A Protest Against Unnecessary Darkness

It’s entirely possible this is going to come off as fandom rage. If so, I apologize in advance. I try to stay pretty level-headed about such things, but I am not always successful.

I’ve noticed this trend, probably over the last decade, of taking something and redoing it darker. Sometimes this works awesomely. A lot of times it works awesomely, actually, but it’s almost become a requirement, and it sometimes seems like you can’t find genre anymore that it isn’t dark. The grittier and more realistic, the better.

Sometimes, though, it seems like this added darkness takes away from the original idea.

I’m kind of grumpy about this lately because, as I’m sure you know, J.J. Abrams has been named as the director of the new Star Wars movies. And these articles keep using the phrase “since Abrams saved Star Trek.”

Herein lies the fandom rage. Was Star Trek dead? No. Did it have issues? Yes. I’ve been a Trekkie practically since birth, but even I didn’t watch Enterprise, and I don’t consider any of the Next Gen movies past First Contact in my own personal head cannon. It got bogged down in its own mythology, and the people in charge were seemingly unable to come up with any decent new directions. And it did come down to the point where it seemed like people were beating a dead horse.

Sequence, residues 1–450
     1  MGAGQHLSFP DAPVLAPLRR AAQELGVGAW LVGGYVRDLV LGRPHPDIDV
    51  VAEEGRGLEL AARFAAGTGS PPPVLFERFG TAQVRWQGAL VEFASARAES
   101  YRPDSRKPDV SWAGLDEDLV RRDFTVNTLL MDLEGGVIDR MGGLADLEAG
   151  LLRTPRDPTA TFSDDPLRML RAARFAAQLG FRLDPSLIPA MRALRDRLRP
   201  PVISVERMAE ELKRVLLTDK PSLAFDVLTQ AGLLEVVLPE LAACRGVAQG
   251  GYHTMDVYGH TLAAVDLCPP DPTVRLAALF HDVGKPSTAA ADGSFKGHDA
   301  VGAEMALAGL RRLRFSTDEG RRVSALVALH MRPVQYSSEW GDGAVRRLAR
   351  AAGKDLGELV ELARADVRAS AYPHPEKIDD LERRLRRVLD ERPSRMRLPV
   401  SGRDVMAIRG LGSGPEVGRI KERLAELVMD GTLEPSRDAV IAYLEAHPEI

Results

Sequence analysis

So, yes, the 2009 Star Trek movie did some good things for the franchise. It got new fans interested, a lot of whom went back and then fell in love with the series. But it didn’t really feel like Trek. It gets away with it with the whole “alternate reality” thing. To an extent.

(I have plot and character issues, but then this really will turn into fandom rage, so we’ll leave that be for now.)

And now, we have Star Trek Into Darkness coming out in May, and I find myself feeling very anxious about the state of Trek. It’s got “darkness” right there in the title, and I’m worried that Abrams is going to take away the thing that separates Trek from most of the rest of science fiction: its optimism.

Star Trek has always showed the good in humanity. We didn’t destroy our planet. We didn’t wipe ourselves out, we weren’t invaded by extraterrestrials. We banded together, we formed a peaceful planet-wide government. We went out into the universe, peacefully, and made friends. Look at us! Hoorah!

Sure, there’s some darkness there. There’s torture, genocide, murder, conspiracies, you name it. But overall, people are good. Humanity is good.

Or at least it was, in Roddenberry’s time.

But we can’t have that in today’s culture. Everything is dark, gritty, and humanity is doomed to failure. Why? Why do we need that? Why, when real life is bad enough, do we need darkness in our fiction too? Why can’t things be happy and rainbows and unicorns every now and then?

Opinions, Squiders? About the trend towards darkness, Star Trek, or anything in between?

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10 responses to this post.

  1. Posted by Christopher on 2013/02/05 at 5:59 PM

    I agree with you that sometimes “turning dark” works, and that at other times, it doesn’t.

    I noticed it a long time ago, though, in 1999. That’s when Del Rey took over the publishing of novels set in the “Star Wars” expanded universe– and they promptly turned “Star Wars” into emo-goth trash that I no longer bother with.